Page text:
June 12th, 2010


Useful tool for searching your own LJ

I got friended by someone on Twitter this morning, and couldn't see any obvious linkage between us. I knew there was a tool for finding people in common between two twitter accounts, and that I originally found out about it on a post in my LJ, but I was darned if I could remember where it was.

So I grabbed my copy of LJArchive, updated my archive to include the last few weeks of LJ post and comments, and then typed "Twitter" into the search box. I instantly had a list of all the posts which either had that word in them directly, or had them in the comments. And one of them, indeed, had a link to the site I wanted (here).
Join Darth

Paternal leave

In Sweden, two months of the post-baby leave has to go to the father.

85% of them now take it.

Most interesting stat: A mother’s future earnings increase on average 7 percent for every month the father takes leave.

Among those with university degrees, a growing number of couples split the leave evenly; some switch back and forth every few months to avoid one parent assuming a dominant role — or being away from jobs too long.


Delicious LiveJournal Links for 6-12-2010

Kitten Stalking


Here's a little trick that helped me learn 10-finger-typing really well:

When you read an article in your browser, activate the search function (ctrl+f) and just start typing the text you are reading. With firefox or chrome, the text you are typing will simultaneously get hightlighted.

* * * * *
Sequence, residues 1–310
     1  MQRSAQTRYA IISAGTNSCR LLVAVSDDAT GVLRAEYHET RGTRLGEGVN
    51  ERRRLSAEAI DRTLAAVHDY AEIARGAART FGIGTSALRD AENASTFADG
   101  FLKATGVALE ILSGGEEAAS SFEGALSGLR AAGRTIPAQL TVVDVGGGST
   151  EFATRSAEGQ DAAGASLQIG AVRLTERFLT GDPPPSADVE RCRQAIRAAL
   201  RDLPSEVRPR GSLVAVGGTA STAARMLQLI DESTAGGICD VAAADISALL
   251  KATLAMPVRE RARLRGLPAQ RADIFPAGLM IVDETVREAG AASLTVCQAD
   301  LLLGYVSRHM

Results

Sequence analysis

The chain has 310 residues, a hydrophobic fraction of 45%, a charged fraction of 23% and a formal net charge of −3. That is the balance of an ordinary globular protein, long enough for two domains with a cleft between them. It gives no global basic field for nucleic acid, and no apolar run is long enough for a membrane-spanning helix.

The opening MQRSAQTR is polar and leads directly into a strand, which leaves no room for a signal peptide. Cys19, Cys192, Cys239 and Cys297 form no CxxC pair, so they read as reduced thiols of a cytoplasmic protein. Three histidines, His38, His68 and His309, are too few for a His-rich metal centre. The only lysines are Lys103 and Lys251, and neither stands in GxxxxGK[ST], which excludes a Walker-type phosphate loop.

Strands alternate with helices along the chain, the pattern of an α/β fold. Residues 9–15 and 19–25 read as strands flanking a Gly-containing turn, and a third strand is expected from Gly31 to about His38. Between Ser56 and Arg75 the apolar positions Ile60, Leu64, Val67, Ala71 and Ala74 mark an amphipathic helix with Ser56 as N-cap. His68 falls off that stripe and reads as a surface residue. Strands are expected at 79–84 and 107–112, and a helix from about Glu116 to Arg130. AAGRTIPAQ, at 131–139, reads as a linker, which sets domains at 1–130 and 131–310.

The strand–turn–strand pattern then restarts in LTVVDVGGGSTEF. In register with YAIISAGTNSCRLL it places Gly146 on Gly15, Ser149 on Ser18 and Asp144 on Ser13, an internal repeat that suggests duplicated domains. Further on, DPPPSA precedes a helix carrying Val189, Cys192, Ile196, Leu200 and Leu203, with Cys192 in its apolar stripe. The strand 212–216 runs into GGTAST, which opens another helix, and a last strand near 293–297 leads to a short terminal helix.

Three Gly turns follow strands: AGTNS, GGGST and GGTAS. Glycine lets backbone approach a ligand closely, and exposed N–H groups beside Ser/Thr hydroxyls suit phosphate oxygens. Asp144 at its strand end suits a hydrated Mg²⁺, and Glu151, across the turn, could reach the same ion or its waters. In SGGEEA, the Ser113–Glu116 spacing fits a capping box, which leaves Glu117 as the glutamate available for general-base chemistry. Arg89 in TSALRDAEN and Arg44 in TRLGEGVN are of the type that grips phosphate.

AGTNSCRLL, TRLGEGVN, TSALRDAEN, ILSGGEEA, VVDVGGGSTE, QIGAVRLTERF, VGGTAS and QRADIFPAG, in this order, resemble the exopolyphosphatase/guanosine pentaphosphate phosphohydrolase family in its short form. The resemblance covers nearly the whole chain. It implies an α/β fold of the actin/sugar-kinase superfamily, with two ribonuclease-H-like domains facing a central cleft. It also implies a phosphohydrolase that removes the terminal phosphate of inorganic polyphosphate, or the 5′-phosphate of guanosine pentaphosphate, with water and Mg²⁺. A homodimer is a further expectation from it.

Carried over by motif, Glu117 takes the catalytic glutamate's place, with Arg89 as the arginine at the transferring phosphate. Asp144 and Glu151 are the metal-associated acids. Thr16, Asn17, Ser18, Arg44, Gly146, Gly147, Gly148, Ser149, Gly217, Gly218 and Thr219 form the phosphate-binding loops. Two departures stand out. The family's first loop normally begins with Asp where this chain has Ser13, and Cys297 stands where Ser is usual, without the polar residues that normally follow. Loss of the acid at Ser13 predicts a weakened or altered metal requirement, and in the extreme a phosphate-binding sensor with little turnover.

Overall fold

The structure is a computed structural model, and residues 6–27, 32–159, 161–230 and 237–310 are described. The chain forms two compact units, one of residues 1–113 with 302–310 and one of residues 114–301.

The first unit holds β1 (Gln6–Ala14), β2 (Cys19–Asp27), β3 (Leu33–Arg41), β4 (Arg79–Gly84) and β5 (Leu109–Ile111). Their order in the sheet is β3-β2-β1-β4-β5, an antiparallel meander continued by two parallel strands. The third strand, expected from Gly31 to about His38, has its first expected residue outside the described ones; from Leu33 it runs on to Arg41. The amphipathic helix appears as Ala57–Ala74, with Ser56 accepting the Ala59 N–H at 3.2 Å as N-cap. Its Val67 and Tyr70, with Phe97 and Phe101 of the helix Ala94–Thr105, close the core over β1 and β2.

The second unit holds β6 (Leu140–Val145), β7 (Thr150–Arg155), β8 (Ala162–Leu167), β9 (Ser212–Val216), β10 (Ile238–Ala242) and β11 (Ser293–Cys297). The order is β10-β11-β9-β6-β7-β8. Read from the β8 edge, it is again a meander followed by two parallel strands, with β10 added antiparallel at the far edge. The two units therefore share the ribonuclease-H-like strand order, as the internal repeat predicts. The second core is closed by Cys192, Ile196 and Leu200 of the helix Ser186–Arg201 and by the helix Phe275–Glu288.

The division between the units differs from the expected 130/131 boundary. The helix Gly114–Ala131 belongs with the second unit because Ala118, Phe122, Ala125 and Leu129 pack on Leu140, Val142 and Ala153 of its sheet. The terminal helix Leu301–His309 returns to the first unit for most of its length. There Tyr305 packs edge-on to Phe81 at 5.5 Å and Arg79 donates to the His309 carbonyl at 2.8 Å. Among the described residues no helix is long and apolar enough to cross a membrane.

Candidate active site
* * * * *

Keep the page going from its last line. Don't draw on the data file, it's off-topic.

Just read the hightlighted text. You'll want to know what comes next so you'll type as fast as possible. You want to read the text fluently, so you'll type blindly and so on. Worked 100 times better than all these boring training programs.


I learned to touch type (ish, very ish) by forcing myself to look away from the keyboard when i was typing, and stare at the screen. This lead to about a week of very slow typing, as I kept fumbling my fingers across the keyboard, trying a key, deleting it because it was wrong, trying a different key, etc., etc. And then, after that, my typing as was fast as it had been before, only I didn't have to look at the keys. And, shortly after that, it was faster.

Come to think of it, there are a lot of things like that - places where you have to leave a point of high optimisation*, and be _less_ efficient for a while, in order to find your way up a different hill to a new optimal solution. I did that when I left my previous job and moved to my current one - I took a £3000 paycut because I believed that I'd have more potential in the current job - and sure enough my pay is now 70% higher than it was then. there have also been the odd social situation like that - I found it very hard to let go of some things because it felt like life was getting worse, but it was necessary to do so in order for things to improve in the long term.

*See Local Optimum for more on this kind of thing